The retro-bolting on both Mt Lindesay and The Governor was visually intrusive, using large stainless ring bolts or shiny stainless brackets.

The people who have done this retro-bolting are not known to have consulted with first ascensionists, other Kaputar climbers or NPWS. Some first ascensionists and other climbers are angry.


A number of climbers who love the special qualities of Kaputar climbing became very concerned about this trend and joined together to take action. The objectives are to restore The Governor to a premier trad-only crag (i.e. no sport routes), and to remove impacts on pre-existing routes on Mt Lindesay (retro-bolting etc). Most of the offending new bolts have now been removed and patched on both cliffs and the remainder will be removed shortly. Painted grades have been cleaned off. This has taken lot of work, time and expense by a bunch of people. If any of the bolts removed from these climbs are replaced, they will also be removed. Any new retro-bolting will also be removed.

Why have we taken this action?

Because we believe the following:

  • Existing trad climbs and quality trad crags should be retained in their original condition. That means no retro-bolting and no bolting that impacts on the integrity, or ‘hanging space’, of natural lines. Good trad cliffs, and trad climbs in general, are limited resources which need protection.
  • Retro-bolting on established climbs should be opposed and rectified.
  • National parks exist to protect natural areas. Therefore the environmental impact of climbing should be minimised in national parks. Trad climbing is generally low in impact, consistent with other activities like remote bushwalking. The Plan of Management for Mt Kaputar National Park (2006, section 4.3.9, page 37 – emphasis added) states: The NPWS will provide information and guidance on Service policy to visitors wishing to undertake adventure activities in the park, and will require minimal impact use of the park for these activities.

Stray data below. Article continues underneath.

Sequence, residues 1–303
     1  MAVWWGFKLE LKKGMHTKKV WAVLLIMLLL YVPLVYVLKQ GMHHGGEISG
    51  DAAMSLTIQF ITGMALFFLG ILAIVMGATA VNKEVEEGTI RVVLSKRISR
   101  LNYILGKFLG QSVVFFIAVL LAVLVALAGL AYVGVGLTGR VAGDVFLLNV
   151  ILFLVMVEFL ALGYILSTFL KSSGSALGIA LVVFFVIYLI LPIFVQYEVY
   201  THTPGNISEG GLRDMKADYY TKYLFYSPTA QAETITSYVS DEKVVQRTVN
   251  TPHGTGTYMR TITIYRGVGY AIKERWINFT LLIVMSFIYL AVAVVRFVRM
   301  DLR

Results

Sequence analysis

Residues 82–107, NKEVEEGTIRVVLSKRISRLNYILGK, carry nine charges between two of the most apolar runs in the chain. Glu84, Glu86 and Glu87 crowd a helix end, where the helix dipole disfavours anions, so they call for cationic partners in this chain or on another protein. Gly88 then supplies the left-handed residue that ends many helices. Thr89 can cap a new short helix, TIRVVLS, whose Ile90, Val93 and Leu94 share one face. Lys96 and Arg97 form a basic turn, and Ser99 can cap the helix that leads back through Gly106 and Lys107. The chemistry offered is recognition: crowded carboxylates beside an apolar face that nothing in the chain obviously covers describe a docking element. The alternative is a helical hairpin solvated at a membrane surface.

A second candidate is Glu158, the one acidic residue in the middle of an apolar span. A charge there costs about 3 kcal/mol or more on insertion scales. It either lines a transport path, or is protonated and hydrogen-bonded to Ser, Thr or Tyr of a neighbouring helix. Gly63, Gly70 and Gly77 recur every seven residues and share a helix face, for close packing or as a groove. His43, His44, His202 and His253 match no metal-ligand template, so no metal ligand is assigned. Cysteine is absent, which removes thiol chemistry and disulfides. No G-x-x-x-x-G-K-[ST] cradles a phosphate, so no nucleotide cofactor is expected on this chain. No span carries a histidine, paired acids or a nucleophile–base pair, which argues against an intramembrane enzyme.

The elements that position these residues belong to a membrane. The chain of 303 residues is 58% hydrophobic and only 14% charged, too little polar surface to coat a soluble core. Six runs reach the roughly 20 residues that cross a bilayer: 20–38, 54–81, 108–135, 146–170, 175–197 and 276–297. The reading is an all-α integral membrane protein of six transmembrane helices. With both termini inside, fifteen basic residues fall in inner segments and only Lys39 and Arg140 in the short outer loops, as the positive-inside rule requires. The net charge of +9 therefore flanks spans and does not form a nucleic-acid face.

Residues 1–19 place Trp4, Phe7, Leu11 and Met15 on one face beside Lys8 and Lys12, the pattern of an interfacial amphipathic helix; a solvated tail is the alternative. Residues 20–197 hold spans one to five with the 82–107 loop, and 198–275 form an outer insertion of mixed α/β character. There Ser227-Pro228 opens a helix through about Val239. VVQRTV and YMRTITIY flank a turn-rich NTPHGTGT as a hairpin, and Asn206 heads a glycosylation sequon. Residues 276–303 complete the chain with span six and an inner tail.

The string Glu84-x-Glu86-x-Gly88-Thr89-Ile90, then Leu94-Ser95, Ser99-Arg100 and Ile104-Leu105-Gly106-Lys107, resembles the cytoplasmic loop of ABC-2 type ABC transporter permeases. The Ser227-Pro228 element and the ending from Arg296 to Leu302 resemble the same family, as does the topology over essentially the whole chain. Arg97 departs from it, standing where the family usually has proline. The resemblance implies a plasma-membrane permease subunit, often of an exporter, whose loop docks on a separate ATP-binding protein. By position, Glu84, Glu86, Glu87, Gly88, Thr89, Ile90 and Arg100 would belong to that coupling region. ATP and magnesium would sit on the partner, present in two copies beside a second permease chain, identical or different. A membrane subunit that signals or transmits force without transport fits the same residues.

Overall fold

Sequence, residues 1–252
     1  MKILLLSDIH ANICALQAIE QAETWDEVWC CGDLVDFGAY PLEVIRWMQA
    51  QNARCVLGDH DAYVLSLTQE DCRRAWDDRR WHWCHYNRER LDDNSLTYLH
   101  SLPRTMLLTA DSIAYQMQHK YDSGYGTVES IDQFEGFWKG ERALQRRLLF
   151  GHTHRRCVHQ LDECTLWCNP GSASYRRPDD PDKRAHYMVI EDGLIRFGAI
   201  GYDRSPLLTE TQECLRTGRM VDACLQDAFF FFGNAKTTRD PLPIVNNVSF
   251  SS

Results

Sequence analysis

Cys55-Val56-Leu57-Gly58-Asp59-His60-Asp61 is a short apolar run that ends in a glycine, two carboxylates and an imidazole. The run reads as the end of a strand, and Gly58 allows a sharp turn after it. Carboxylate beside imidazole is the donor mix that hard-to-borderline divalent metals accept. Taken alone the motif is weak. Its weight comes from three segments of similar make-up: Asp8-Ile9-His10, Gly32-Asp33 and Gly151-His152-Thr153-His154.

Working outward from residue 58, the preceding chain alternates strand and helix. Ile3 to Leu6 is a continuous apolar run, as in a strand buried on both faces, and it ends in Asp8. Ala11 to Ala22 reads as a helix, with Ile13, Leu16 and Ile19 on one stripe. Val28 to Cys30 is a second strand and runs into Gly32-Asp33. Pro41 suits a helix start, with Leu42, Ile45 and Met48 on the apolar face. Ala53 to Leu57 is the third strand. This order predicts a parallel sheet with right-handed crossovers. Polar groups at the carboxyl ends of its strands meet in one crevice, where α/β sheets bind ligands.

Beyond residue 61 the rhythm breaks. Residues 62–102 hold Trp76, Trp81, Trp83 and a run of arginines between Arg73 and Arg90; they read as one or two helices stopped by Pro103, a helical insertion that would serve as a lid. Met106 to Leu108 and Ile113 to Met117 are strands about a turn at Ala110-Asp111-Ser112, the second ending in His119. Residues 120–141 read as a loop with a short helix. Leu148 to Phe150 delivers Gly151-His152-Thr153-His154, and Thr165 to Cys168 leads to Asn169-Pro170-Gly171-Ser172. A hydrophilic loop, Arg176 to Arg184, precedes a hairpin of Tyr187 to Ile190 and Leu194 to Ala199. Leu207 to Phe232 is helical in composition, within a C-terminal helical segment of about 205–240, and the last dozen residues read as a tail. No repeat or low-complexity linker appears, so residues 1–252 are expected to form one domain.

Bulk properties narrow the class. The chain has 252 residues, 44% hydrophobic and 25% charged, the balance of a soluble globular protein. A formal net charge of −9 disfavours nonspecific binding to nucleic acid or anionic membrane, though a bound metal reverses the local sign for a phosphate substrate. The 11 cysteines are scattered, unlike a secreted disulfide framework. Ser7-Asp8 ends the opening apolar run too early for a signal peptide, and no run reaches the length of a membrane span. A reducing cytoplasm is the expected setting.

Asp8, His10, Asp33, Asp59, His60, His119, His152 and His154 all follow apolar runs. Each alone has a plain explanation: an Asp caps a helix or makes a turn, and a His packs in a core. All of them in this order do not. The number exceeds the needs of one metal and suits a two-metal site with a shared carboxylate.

• Excessive and unsightly bolting or other climbing impacts in national parks risk attracting the disapproval of other park visitors and park authorities, and may threaten ongoing climber access to these areas.

Trad climbing at Kaputar

Trad climbing at Kaputar requires judgment and skill. Important skills include route-finding, down-climbing (when necessary) and finding and using natural gear placements - which are often small wires or cams/nuts in unexpected places. Kaputar is a good place to learn and apply these skills because it offers trad climbs at a wide range of grades.

Protection is often very good but not always obvious from below. Poor protection is usually mentioned in route descriptions, and/or allowed for in the grading (i.e. increased grade for poor protection). Bold routes on Mt Lindesay can be easily top-roped. Route descriptions on will be amended where necessary to assist safe climbing on climbs that were previously retro-bolted. But climbers should always be wary of attempting trad climbs that are close to the limit of their ability.



Add route(s) Add topo Reorder Bulk edit
Grade Route

The route takes the obvious crack below the abseil tree at the base of the descent gully.

Up the crack to the tree.

FA: Richard Curtis & Richard Morris, 1981